Advance habitat goal-setting for forest within a broader organizational effort that will set coherent goals and define priorities for all Major Habitat Types organized under five different habitat groups (grasslands, deserts, freshwater, marine, and forests). Collaborate with other Habitat Leaders to ensure learning across groups and to balance efforts and priorities across and between groups.
Work with other institutions to conduct global habitat assessments, insuring the use of existing information to document and analyze the status, distribution, threats, geographic priorities, dominant strategies, level of conservation investments and established international goals, and gaps relevant to Forest Major Habitat Types.
Solicit input from the field to produce a preliminary draft outline of TNC specific goals, outcomes, priorities and approach to gaps for conservation of Forest Major Habitat Types.
Facilitate a habitat conference with field practitioners from TNC, trustees, key partners, and potential donors to peer-review a draft state of the habitat report, to refine initial recommendations for TNC goals and priorities, to galvanize goal setting for programs across TNC, and to build networks of collaboration across practitioners.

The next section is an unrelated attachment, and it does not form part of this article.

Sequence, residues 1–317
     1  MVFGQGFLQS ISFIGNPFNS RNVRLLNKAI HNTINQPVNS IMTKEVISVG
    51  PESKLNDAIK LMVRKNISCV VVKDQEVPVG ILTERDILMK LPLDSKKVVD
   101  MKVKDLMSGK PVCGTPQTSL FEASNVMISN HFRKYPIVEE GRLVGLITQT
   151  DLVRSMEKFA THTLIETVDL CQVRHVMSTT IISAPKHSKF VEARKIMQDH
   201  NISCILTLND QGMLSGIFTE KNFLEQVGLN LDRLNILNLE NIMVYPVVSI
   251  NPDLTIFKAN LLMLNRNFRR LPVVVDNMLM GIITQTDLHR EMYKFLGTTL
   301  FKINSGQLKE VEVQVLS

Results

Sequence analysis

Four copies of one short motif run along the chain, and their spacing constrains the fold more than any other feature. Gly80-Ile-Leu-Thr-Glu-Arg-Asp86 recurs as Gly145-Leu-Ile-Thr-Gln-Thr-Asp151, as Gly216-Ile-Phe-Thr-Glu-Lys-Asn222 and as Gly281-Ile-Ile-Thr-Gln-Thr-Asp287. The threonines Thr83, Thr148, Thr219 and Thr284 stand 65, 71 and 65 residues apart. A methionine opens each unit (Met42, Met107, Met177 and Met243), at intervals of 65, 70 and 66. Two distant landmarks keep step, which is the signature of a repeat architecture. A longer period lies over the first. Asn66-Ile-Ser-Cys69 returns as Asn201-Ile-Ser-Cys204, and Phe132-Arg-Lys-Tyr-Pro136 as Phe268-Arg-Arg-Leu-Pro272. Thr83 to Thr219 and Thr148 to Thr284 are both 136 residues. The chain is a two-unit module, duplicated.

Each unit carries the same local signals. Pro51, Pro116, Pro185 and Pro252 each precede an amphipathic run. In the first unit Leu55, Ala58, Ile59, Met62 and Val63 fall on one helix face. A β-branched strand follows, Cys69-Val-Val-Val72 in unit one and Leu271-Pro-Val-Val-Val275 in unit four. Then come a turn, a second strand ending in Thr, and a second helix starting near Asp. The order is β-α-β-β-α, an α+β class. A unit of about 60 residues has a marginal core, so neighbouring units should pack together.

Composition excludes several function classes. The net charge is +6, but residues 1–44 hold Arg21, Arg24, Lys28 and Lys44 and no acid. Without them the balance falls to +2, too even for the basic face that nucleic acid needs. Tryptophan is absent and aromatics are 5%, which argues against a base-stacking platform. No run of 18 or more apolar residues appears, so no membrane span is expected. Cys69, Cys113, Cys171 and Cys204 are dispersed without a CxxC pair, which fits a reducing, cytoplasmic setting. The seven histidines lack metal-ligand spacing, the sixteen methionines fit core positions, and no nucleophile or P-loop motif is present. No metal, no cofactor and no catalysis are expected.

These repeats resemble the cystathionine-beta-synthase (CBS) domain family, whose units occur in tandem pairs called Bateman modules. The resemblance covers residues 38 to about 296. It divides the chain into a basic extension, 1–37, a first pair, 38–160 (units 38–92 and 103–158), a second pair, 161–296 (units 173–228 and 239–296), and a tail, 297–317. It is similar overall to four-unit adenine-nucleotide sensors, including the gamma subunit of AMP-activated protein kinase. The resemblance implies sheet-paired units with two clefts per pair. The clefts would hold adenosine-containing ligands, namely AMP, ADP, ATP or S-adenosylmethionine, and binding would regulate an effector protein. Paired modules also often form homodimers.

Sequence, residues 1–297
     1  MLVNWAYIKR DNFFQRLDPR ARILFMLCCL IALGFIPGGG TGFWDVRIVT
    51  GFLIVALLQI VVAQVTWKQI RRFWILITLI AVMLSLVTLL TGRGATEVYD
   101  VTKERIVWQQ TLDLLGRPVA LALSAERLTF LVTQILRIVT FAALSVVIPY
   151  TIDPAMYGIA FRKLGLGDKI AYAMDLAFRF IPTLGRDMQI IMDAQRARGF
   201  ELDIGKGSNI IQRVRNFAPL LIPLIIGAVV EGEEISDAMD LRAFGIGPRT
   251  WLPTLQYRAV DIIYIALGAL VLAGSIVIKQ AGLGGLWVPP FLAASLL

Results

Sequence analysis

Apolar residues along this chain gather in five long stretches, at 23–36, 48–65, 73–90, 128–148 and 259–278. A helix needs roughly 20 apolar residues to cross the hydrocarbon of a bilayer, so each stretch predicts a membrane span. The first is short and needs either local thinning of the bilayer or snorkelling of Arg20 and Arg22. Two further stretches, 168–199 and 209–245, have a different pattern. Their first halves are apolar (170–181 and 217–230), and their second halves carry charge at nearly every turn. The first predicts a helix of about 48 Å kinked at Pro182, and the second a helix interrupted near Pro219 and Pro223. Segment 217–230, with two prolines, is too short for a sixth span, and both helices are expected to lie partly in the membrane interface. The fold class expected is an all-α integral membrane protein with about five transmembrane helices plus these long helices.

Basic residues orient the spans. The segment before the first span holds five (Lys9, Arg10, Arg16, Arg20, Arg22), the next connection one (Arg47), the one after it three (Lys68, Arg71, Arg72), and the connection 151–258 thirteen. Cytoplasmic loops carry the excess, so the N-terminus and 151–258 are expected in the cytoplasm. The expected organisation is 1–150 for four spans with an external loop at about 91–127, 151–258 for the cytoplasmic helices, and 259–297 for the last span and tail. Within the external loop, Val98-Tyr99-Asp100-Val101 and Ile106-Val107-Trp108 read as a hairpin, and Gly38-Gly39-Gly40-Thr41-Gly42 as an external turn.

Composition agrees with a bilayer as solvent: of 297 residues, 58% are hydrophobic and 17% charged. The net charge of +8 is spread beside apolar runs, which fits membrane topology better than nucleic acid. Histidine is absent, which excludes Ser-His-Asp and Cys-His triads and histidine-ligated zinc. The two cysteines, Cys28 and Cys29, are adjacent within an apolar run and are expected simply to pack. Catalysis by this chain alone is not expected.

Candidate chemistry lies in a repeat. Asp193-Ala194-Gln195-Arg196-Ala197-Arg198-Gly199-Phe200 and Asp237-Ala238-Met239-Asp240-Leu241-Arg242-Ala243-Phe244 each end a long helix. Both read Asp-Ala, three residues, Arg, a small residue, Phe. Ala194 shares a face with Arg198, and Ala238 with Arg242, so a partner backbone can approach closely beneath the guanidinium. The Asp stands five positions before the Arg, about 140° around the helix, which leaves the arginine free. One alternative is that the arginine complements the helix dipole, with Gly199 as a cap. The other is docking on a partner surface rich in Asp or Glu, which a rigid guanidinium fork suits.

Finalize a global context and conservation vision for all Forest Major Habitat Types (in the form of the state of the habitat report), including TNCs goals and contributions to the vision with relevant measures, clear organizational priorities for discretionary resources, and collective commitments overall organization.
Recommend ongoing operational or structural implications of pursuing conservation goals for Forest Major Habitat Types.
Credible conservation experience within forest ecoregions and familiarity with forest biogeography. At least 10 years experience in the conservation field and applying ecological concepts to conservation decision-making or biodiversity management, particularly as it relates to forest habitats.